Looking back on Facebook at the history of our friendship, it looks like we met on November 8, 2018, and became immediate friends. I was taking my walk on the Bellingham boardwalk when I first met her. It was a cold day. She wore a hat, I remember. I recognized a kinship – I saw in her expression a shared experience. I opened my heart to hear her story and she poured her heart out to me. Heart-to-heart. I felt so privileged by that – by her trust in me.
I understood some of what she was going through – I’d gone through a similar experience about ten years before. I’m not sure what I said to her. I might have told her that I understood – that I’d been there, too – that I knew she was in a scary place – but that she was also in a really amazing place – that she was completely free to create a whole new life for herself and that I knew that was scary, but that I thought she’d find it was also really exhilarating. An adventure!
I went home and found her on FB and discovered we had a bunch of friends in common. That was cool. And I asked her to be my FB friend.
Through the last four years we’ve sometimes run into each other by magic – not purposefully, but always perfectly. We’ve come upon each other at rallies and in the supermarket and walking along a street. When it was my turn to get a COVID vaccine, I was a little freaked out, and I contacted my friend because I knew she was working at the vaccination site and I knew I could count on her to help walk me through what I had to do. She was a blessing to me during that time.
And today I ran into her at the supermarket. She shared with me that last weekend, through her new role at work, she was in a position to help someone who told her that she “most likely” had saved his life.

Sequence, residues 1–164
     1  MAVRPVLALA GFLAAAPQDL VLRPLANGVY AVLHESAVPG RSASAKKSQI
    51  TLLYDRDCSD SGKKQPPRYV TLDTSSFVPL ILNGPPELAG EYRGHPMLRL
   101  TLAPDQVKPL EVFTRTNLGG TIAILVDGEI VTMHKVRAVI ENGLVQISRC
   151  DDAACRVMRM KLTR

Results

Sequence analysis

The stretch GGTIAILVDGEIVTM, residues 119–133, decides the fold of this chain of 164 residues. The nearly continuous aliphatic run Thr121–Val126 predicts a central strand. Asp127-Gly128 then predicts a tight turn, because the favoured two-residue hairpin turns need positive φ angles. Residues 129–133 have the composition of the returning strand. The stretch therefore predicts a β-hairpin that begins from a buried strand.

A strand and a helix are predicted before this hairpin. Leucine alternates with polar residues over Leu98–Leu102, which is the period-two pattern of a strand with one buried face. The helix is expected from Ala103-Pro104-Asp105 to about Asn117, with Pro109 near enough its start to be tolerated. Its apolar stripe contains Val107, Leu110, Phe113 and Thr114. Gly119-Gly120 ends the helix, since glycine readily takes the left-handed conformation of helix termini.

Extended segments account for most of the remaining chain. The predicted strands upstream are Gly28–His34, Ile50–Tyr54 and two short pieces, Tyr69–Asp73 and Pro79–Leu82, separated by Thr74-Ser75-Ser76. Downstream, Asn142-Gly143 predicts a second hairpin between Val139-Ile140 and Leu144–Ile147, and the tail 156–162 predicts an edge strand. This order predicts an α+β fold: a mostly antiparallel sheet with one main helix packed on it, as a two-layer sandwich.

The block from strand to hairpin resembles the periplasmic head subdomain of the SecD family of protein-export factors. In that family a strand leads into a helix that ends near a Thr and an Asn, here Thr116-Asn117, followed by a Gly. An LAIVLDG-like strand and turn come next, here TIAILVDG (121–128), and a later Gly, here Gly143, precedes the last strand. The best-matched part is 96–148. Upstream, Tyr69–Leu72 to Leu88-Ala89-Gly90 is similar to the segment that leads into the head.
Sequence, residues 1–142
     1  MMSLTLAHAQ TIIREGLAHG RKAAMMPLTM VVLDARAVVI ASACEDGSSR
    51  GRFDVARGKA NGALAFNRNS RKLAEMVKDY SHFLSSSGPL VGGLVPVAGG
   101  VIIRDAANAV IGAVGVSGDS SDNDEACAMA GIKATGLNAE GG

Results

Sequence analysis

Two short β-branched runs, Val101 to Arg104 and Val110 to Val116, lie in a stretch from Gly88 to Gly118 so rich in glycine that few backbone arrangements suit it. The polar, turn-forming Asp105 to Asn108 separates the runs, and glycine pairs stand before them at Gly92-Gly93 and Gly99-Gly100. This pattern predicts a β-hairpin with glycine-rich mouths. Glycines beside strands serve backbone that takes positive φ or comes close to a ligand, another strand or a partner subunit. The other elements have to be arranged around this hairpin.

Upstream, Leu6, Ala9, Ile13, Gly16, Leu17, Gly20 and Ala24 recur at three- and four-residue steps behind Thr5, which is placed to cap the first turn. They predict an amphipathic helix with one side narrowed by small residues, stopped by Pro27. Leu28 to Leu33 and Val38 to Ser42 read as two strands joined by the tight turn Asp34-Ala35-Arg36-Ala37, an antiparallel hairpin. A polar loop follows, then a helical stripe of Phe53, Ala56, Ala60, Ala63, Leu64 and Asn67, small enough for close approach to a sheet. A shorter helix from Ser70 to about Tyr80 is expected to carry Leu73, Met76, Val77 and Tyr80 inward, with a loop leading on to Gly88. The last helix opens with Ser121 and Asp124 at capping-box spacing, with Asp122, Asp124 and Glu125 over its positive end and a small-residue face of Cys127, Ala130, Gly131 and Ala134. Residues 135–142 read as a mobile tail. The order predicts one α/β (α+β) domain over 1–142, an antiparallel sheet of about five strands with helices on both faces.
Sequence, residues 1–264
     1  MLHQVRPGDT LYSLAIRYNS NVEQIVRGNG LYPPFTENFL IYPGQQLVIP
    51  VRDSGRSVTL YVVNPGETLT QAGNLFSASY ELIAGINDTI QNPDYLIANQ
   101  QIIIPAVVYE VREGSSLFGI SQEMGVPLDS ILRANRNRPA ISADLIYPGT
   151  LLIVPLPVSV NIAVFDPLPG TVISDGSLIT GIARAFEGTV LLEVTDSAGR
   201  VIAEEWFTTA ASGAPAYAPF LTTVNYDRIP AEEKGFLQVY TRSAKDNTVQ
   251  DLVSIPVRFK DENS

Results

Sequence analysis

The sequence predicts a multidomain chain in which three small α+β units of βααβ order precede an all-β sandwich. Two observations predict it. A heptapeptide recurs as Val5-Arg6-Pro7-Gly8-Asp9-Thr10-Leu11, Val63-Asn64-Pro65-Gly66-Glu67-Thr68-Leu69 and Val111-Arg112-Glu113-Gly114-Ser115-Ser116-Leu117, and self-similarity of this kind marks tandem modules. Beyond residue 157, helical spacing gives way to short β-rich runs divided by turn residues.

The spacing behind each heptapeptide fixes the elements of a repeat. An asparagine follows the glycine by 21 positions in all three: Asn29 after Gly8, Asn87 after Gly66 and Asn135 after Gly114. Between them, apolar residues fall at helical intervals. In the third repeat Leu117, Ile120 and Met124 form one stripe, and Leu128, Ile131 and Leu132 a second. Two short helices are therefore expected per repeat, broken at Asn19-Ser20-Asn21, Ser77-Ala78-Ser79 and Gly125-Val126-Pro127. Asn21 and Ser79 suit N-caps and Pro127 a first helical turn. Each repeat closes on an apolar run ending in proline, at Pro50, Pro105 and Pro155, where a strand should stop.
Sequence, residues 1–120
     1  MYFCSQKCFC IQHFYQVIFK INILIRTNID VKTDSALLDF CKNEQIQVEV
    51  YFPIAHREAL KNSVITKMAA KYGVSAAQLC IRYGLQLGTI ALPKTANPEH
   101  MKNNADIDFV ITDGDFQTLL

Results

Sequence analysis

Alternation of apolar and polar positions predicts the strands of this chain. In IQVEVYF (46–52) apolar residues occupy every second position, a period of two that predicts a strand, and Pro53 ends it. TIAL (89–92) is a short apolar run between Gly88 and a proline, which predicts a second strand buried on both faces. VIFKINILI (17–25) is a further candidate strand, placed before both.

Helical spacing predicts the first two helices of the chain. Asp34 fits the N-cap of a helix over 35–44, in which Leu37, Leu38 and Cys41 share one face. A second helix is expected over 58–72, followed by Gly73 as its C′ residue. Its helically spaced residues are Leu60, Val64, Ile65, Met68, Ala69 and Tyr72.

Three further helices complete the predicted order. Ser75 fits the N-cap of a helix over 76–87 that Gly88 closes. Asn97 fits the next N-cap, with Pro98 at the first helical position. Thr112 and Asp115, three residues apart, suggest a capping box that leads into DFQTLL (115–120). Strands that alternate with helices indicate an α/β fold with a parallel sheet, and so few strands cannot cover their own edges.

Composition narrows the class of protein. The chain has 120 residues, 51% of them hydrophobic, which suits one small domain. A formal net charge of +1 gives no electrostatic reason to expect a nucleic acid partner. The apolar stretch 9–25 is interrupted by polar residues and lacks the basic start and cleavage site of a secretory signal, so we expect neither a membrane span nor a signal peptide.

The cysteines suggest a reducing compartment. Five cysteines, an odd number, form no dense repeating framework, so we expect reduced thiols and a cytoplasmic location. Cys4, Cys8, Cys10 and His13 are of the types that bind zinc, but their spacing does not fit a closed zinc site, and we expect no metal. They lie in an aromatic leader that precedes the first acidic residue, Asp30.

As she was sharing her story I started crying. And then she started crying. And we hugged and cried and laughed together. She asked me if I remembered where she was when we’d first met, and I nodded and said, “And now you’re saving lives!”
In the last few days, I’ve felt the Cosmos reaching out to me with hope and reassurance and love. I’m being constantly reminded of all the Good in the world. I’m so grateful for that.
I was feeling discouraged this morning. No, “discouraged” is an understatement for what I was feeling – what I was feeling was something beyond that. As I was posting on FB, my friend, Kathy, commented that she could use a hug and said she’d be working to register voters at the Mount Vernon YMCA. Coincidentally, I needed a hug, too. I also needed to get some groceries. So I got in Rosalita Ipswich O’Molenovich and drove, first, to the supermarket, and then to the YMCA.
When I got to the supermarket, I saw a man standing on a corner with a sign indicating he was in need. And the thought that came to me was, “I maybe don’t want to be on this planet right now, but maybe I can do some good while I AM here.” So I parked and walked over to the man and asked if I could get him something in the supermarket. He said he was really hungry, so I asked him if I could get him a sandwich, and he said yes. I bought my groceries – including TWO quarts of Paul Newman virgin lemonade – and then picked up a sandwich for the gentleman on the corner.
When I brought him his sandwich, I realized he was probably pretty thirsty, too – it’s hot here today – and I realized the second quart of lemonade was for him. He smiled and thanked me and took the sandwich and lemonade from me.
I was already feeling much better.
After the supermarket, I drove down to find Kathy at the YMCA to exchange a hug, and met a whole lot of other really cool people, too. There was young Roran with his rainbow drawings, a woman who helps victims of domestic violence, a couple people who work with Planned Parenthood, and folks from PFLAG of Skagit County. And meeting these people – brave and compassionate and caring people – has given me back my hope.